This “war” has also fostered here the world’s largest prison population, excessive court backlogs, the stigmatization of addiction and the erosion of the constitutionally protected freedoms of one’s own personal space.
One of the most significant benefits of ending the “War on Drugs” via regulated drug legalization is seldom discussed because its principle effect would take place outside our borders. Several countries in Latin America - Mexico, Colombia, Peru, Guatemala, Honduras and El Salvador - are hosts to widespread violence and civil conflict.
Throughout the region, various criminal and insurgent groups utilize the profits of drug trafficking to finance their activities. From Peru’s Sendero Luminoso, to the FARC and AUC in Colombia, to Mexico’s Los Zetas, to various Central American gangs including Mara Salvatrucha – better known here as MS-13 – the violent actions of these groups are overwhelmingly underwritten by the proceeds of international cocaine, heroin, marijuana and methamphetamine trafficking.
This drug-funded violence is one of the primary internal pressures that underlie the forced displacement of Latin American citizens to our borders. In recent months, this migration, particularly involving unaccompanied minors from Central America, has received a great deal of attention from the domestic press. Yet reports seldom connect the movement of these peoples to the role of U.S. drug policies in fueling the violence, corruption and poverty that contribute to their relocation.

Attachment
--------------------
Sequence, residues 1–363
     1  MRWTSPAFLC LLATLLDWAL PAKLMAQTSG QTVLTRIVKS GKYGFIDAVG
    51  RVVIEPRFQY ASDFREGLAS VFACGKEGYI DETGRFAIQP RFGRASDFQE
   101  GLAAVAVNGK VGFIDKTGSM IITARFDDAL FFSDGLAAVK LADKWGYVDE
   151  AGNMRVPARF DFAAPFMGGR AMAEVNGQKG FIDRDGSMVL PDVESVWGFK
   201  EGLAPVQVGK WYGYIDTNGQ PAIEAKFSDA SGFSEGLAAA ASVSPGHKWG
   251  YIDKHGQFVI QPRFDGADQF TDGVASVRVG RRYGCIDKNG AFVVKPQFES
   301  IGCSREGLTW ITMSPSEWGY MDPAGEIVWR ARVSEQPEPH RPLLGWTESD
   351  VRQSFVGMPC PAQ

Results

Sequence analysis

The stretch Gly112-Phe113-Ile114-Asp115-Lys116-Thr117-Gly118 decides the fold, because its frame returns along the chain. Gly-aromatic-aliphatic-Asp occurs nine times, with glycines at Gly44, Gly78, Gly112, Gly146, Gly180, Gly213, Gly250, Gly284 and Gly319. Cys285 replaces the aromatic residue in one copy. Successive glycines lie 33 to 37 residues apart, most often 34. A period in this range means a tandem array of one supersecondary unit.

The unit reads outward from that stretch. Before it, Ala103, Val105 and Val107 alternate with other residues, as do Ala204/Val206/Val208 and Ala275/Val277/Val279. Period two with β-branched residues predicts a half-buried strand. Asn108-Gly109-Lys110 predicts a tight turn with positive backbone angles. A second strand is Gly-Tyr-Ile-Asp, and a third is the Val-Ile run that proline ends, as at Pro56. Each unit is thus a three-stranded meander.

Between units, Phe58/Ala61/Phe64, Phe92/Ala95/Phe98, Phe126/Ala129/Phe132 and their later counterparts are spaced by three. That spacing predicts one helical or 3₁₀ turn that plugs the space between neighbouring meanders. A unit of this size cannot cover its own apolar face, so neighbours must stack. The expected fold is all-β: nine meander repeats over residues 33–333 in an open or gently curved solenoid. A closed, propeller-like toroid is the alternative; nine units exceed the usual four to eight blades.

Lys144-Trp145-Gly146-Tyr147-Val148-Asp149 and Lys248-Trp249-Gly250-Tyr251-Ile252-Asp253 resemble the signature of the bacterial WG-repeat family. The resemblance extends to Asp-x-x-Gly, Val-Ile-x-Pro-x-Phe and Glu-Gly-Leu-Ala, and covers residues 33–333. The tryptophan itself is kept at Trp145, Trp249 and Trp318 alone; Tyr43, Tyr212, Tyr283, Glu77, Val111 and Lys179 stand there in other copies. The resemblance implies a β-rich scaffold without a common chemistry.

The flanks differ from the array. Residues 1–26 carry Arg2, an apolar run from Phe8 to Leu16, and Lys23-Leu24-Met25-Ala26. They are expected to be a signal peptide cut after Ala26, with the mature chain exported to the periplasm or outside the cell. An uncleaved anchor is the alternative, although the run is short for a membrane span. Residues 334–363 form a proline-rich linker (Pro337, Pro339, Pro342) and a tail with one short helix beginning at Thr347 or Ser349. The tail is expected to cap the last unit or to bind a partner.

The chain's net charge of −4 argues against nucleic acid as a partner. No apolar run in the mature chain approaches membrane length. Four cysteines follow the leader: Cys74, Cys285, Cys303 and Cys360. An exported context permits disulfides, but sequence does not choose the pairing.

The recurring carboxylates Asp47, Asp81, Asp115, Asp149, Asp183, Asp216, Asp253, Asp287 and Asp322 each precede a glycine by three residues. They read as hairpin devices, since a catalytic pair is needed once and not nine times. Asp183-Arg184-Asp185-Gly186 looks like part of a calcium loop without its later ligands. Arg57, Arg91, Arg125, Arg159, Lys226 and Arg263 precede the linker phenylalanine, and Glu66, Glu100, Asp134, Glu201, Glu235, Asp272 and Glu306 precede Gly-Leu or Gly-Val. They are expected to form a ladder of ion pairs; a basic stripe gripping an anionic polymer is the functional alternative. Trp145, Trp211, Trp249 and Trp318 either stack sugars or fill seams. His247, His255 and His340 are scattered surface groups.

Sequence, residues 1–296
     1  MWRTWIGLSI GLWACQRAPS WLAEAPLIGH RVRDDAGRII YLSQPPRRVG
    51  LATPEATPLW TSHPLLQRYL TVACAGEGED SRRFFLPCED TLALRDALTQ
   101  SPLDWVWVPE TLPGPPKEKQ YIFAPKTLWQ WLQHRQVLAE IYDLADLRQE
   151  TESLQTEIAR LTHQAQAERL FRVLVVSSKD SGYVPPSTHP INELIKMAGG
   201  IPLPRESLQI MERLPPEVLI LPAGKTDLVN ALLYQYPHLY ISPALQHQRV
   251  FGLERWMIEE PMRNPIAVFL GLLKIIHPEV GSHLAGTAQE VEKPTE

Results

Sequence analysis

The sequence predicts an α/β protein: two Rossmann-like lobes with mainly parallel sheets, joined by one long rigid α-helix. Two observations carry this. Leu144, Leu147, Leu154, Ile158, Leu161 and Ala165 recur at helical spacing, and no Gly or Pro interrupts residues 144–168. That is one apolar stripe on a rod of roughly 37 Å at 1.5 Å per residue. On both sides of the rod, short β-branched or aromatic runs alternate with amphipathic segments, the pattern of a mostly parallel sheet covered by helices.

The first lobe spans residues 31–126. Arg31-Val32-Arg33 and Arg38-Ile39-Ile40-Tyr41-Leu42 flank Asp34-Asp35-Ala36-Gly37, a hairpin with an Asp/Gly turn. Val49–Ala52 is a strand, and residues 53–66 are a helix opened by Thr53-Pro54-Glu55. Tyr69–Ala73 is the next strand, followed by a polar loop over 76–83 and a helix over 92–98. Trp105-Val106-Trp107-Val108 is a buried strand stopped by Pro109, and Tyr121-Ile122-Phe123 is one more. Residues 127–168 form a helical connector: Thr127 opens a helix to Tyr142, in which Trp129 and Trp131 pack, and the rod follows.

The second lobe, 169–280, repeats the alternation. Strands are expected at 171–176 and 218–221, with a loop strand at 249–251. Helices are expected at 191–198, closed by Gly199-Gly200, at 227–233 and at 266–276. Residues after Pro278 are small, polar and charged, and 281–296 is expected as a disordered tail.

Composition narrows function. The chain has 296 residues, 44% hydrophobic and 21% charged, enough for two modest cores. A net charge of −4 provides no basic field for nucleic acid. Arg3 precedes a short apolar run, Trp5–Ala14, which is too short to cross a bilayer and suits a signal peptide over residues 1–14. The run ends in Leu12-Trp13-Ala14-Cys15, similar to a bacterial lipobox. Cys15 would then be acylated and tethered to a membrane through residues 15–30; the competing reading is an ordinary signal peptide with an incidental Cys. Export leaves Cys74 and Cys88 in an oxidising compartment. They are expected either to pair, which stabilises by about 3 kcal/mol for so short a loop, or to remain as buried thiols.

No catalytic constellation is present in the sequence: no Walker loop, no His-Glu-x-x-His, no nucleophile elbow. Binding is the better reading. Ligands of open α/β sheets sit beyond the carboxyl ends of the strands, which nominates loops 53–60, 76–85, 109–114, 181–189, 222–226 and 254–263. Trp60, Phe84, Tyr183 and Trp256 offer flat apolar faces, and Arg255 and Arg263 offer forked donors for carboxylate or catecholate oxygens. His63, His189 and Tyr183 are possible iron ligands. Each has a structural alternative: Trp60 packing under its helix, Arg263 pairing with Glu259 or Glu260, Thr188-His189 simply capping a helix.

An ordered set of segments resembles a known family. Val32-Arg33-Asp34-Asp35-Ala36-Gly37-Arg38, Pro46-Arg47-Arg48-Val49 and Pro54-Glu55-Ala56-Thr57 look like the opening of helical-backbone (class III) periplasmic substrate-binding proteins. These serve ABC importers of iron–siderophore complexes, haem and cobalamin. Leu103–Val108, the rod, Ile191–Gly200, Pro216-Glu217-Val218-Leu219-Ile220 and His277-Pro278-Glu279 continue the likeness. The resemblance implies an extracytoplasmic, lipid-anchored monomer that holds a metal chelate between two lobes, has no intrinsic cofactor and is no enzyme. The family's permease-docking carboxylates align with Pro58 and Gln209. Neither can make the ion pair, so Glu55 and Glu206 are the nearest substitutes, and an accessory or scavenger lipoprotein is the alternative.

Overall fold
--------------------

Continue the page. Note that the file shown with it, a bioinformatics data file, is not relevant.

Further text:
For decades, the United States has pumped billions of taxpayer dollars into these countries in various failed attempts to increase security and peace in the region. The commonsense solution to the problem of drug funded violence in Latin America, and the human migration it causes, is to legalize and regulate recreational drug use within the United States.
The majority of money made through the production and trafficking of illegal drugs is never seen by the growers or the street-level dealers that move the product to consumers. Rather, these proceeds are largely retained by the transnational criminal organizations that transport the drugs from their source to the consumer. This trafficking is where the real risk lies, and where the real money is made.